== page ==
Meanwhile, the emergence of monkeypox has driven fear levels to new heights. Despite the current outbreaks of monkeypox being novel given its mode of spread, it has far less potential to be as destructive as Covid-19. Monkeypox is endemic to Africa and there have been sporadic outbreaks in different parts of the world. It is not a new disease. The strain of monkeypox that is going around currently has a case fatality rate of less than 0.1 percent. Transmitted a lot less efficiently than Covid-19, it is only contagious when a person has symptoms. Most cases have been contracted through direct contact, particularly sexual contact, and so exponential growth on the order of a respiratory disease such as Covid-19 is very unlikely. Finally, there are effective vaccines and treatment for monkeypox, and efforts are underway to increase the availability of these interventions. Monkeypox is not on the same level as Covid-19. It is a much more manageable threat for as long as people follow scientific advice. Current control measures against Covid-19, particularly wearing masks and physical distancing, work well against monkeypox.
On the Covid-19 front, the Omicron sublineage BA.5 is now the dominant variant in the Philippines. This is consistent with official projections and the known behavior of this particular Omicron iteration. Given its higher transmissibility and propensity to evade neutralizing antibodies, there have been many instances of infection even among fully vaccinated and boosted individuals. Fortunately, protection against severe disease remains durable. Despite a continued rise in daily cases, most infections are mild. These additional cases have translated into a manageable increase in healthcare utilization, in contrast to the early days of the pandemic where the hospitals were overwhelmed. A disproportionate number of cases being admitted to the hospitals due to severe disease are unboosted or unvaccinated patients. Vaccines continue to decrease the risk of death tenfold across the board, regardless of circulating variant.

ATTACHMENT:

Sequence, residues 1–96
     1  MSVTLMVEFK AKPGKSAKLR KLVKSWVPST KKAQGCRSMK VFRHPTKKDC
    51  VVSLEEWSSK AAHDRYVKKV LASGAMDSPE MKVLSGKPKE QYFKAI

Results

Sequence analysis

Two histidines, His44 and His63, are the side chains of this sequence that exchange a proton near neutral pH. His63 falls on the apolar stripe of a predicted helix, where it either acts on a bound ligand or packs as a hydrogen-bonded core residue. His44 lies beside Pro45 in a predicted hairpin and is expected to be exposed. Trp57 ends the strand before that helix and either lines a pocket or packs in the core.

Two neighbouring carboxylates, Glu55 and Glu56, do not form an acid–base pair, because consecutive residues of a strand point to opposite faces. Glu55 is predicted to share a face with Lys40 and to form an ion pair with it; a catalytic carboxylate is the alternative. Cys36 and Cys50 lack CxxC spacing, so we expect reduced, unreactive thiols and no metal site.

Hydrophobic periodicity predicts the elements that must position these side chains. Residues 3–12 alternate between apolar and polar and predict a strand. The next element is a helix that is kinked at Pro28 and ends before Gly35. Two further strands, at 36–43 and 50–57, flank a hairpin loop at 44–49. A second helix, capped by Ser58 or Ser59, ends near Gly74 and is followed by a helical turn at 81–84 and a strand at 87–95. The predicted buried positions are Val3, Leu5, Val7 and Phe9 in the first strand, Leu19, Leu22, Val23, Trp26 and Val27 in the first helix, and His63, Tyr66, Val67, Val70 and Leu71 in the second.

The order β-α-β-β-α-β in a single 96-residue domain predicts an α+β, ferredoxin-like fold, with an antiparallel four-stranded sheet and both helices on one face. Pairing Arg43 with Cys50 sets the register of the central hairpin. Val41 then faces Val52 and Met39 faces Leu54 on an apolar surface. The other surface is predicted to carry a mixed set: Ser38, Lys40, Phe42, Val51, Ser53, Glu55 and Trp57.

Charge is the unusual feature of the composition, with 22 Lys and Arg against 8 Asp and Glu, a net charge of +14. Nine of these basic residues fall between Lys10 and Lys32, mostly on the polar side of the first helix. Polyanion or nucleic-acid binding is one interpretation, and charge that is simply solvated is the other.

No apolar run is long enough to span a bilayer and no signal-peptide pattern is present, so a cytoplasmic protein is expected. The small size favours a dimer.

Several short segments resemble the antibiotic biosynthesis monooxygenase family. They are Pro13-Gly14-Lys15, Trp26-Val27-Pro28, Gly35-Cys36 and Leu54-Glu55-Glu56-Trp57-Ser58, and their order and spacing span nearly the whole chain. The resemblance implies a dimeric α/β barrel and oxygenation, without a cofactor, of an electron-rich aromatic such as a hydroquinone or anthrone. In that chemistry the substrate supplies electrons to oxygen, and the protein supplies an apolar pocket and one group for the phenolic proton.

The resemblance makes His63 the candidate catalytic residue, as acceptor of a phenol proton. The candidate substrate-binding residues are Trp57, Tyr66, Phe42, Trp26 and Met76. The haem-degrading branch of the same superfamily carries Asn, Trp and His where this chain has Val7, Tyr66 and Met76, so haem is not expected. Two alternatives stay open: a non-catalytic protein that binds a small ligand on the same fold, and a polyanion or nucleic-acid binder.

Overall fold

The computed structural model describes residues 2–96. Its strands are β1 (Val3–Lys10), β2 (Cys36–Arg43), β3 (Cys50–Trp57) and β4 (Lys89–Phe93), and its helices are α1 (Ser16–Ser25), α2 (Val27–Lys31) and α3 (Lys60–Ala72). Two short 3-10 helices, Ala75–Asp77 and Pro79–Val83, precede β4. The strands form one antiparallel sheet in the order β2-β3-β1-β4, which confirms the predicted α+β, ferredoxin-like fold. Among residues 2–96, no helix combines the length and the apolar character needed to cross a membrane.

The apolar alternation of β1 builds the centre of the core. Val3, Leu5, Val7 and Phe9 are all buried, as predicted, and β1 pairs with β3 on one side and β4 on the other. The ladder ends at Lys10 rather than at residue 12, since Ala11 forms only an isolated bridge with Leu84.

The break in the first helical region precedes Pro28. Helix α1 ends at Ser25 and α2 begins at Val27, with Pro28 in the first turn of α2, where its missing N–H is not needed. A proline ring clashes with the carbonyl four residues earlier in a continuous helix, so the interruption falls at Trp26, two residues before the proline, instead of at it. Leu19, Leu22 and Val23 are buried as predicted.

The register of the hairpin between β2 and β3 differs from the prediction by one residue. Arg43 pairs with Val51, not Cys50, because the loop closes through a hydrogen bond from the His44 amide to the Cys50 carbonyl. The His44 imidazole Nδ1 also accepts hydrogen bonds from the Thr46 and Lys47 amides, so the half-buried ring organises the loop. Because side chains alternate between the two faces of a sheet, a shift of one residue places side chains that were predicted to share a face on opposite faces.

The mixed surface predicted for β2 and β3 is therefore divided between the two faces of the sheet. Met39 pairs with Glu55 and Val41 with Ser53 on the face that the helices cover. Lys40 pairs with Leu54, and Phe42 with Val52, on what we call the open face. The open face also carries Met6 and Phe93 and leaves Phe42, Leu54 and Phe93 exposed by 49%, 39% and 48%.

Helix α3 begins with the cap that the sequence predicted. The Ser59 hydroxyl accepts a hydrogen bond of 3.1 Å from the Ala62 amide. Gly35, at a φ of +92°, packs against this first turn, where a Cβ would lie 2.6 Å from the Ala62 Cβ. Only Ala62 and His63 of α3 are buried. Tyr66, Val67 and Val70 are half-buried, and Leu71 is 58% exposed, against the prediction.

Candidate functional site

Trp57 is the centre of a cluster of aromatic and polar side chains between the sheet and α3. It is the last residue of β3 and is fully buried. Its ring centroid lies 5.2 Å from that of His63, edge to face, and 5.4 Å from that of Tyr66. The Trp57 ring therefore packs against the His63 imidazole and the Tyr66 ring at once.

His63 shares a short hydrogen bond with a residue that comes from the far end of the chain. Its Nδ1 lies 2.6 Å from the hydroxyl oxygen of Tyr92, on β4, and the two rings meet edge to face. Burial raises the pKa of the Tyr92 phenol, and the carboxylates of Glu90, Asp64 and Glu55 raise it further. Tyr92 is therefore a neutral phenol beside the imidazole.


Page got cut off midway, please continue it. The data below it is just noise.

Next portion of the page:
Aside from BA.5, the Omicron sublineage BA.2.75 has recently been detected locally. BA.2.75, which has been unscientifically dubbed by the media as “Centaurus,” is the latest variant that has captured the attention of the public. While there are some indications that it may be more transmissible than the original Omicron lineages based on some spike protein mutations, there is still not enough evidence to designate it as a new variant of concern over Omicron. In fact, the name Centaurus is based on a whimsical tweet by a random guy on Twitter. The name stuck because several media outlets decided to use it without any scientific basis (https://www.gavi.org/vaccineswork/omicron-what-users-guide-covid-19-variant-names). Centaurus is a constellation with several galaxies in it. It is not in any way part of official nomenclature for naming SARS-CoV-2. This seems to be par for the course where media doesn’t do its homework, contributing to and spreading misinformation.
So, what’s next? It seems as if there is still a lot on our plate. The good news is we are no longer choking on the food and we have room to manage these emerging and continuing threats to our country. With the continued partnership of the government and its citizenry, along with good scientifically sound policies, the country should be well on its way to recovery.